In Screen 2, six new warp markers have been added to the piano clip and then dragged to the desired gridlines. Moving the warp markers has increased the Beat-Time clip length to 12 bars, but that makes no difference because the piano clip is the Leader and the playback time between individual warp markers (and for the whole clip) is unchanged. The MIDI bass part (green) has been played at a steady tempo with the piano part in Follower mode. Then with the piano part in Leader mode, the MIDI percussion part has been step sequenced.
Notice that when any clip is in Leader mode, the Master track's tempo automation is greyed out and cannot be edited. If you turn Leader mode off, the automation disappears, but you can get around that by right-clicking in the automation lane and choosing 'Unfollow Tempo Automation.' That leaves the automation in place so that you can tweak the tempo and have the adjustments apply to all tracks.
Leader warping is also good for aligning tightly quantized material, step-sequenced, mouse-entered notes and for small changes in the groove.
Up to this point we have relied on tempo wiggling to align MIDI and audio clips with a Leader clip. You can eliminate the need for tempo automation by rendering the tracks as unwarped audio files, and you can do that for the mix or for the individual clips. To render individual clips, select the desired Beat-Time range and then select each of the tracks you want to render (in this case, the Piano, Upright Bass and Percussion tracks in the first 12 bars). Next, invoke Live's Render function (Shift+Cmd+R/Shift+Ctrl+R). Now choose 'Selected Tracks Only' from the Rendered Track drop-down at the top of the Render dialogue, ensure the Render Start and Render Length settings are correct and click the Export button at the bottom. Live will produce a separate audio clip for each track. Played together without warping, they will replicate the warped, tempo-automated mix.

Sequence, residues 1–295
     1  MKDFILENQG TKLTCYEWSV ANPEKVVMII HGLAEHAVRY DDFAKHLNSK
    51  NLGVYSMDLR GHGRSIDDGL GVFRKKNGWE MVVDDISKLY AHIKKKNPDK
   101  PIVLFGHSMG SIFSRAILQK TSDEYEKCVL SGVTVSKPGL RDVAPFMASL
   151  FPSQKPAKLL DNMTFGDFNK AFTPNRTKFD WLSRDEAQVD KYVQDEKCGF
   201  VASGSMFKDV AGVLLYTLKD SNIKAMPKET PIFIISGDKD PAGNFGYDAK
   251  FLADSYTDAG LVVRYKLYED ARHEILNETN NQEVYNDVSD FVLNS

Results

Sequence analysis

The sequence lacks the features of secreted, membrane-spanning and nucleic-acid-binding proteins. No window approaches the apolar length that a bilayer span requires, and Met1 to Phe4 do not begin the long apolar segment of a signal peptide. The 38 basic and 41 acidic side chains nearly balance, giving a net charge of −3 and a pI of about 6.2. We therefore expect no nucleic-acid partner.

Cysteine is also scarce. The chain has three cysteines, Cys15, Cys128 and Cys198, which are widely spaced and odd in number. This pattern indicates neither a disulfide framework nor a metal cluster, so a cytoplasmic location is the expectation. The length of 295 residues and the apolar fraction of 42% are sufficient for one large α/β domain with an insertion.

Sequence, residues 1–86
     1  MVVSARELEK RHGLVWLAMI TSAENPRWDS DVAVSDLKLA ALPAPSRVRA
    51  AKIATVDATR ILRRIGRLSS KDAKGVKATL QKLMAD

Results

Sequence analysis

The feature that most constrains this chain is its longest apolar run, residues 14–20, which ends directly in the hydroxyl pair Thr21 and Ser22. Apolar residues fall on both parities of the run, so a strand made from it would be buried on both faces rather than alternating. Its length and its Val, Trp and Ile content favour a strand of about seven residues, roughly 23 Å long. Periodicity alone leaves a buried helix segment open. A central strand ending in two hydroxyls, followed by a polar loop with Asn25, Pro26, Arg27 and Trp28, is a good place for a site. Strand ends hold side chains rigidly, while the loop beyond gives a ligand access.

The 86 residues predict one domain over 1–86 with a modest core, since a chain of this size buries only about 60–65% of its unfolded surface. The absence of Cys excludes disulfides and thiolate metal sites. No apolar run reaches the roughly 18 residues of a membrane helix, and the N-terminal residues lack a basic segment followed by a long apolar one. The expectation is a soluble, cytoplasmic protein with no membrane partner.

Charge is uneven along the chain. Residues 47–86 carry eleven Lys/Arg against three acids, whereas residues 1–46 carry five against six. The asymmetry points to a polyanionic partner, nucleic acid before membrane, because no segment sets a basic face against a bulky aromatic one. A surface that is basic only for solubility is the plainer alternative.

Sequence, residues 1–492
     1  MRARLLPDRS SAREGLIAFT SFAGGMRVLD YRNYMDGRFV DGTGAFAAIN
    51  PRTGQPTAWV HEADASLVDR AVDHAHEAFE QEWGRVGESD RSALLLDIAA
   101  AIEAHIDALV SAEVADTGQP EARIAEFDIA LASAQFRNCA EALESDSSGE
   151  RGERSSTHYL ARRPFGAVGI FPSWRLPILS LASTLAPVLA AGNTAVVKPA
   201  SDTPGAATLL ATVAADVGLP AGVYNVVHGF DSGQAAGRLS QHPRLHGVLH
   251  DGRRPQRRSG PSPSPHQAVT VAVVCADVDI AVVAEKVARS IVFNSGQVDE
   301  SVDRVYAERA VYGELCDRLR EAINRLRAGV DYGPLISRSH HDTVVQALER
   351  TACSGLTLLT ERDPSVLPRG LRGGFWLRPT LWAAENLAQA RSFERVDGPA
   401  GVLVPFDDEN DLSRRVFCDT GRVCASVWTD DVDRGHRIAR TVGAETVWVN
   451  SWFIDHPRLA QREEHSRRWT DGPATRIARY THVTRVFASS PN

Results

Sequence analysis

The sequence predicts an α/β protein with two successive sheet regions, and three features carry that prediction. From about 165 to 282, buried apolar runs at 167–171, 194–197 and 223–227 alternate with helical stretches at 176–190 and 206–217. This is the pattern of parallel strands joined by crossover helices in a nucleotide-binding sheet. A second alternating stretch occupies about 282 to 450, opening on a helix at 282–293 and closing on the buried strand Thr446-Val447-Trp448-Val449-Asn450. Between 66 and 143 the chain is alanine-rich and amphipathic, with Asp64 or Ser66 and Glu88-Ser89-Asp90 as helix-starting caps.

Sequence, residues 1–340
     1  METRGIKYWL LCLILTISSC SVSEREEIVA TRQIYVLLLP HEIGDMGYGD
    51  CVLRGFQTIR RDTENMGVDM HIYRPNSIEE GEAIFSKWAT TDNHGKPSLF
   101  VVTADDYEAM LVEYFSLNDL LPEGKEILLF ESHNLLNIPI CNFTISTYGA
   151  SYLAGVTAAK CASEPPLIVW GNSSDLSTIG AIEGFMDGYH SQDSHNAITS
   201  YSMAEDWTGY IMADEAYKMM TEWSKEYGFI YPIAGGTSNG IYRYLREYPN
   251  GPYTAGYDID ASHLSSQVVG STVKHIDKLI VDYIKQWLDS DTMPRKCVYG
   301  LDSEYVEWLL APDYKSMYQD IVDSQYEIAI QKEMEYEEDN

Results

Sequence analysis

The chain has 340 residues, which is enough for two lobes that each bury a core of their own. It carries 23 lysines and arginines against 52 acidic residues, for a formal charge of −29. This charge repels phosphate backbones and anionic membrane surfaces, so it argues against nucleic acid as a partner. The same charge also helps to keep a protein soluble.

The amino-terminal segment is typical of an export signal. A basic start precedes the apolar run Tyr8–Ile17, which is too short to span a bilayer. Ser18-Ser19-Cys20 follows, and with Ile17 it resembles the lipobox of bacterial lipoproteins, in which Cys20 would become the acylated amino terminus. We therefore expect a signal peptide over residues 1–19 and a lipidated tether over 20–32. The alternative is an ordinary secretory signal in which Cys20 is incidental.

In more complicated setups you can have Leader clips on several Arrangement view tracks. When you do that, the Leader clip on the lowest track rules. In Screen 3, I've placed different freely played piano clips on separate audio tracks. They overlap slightly and have different pan positions and audio effects processing. Each has been warped and made the Leader in order to control the timing of the five-bar kick and hi-hat loop in the bottom track. Notice how the Master track's tempo automation pattern changes as it follows the three different leaders. To belabour the obvious: tempo automation ensures that events in the lowest Leader clip occur at their natural time and that events at the same beat-time position in the other clips are warped to that time.
Leader warping is also good for aligning tightly quantised material, step–sequenced, mouse-entered notes and for small changes in the groove. Live's Groove Pool (covered in the November 2013 Live column) is the easiest and most flexible way to match a short repeating groove, but for capturing the groove of longer clips, 'follow the leader' is the way to go.
Finally, you can use Leader warping to save and restore existing tempo automation. It requires a few steps, but it's a lot easier than redrawing the automation in the Master track's Song Tempo envelope editor. Once you have the tempo automation you want to capture, create a MIDI track and insert an instrument on it (an empty Live Instrument rack will do). Create an empty MIDI clip on that track the length of the tempo automation to be captured. Freeze and Flatten the MIDI track. You'll get a silent audio clip with a warp marker corresponding to each tempo change. Save that clip in your library or project folder. To use the tempo automation at any position in any Live song, simply add the saved audio clip, activate its Leader button (ensuring it is below any other Leader clips) and then right-click in the Tempo Automation lane and choose 'Unfollow Tempo Automation.' You can then delete the clip or the entire track.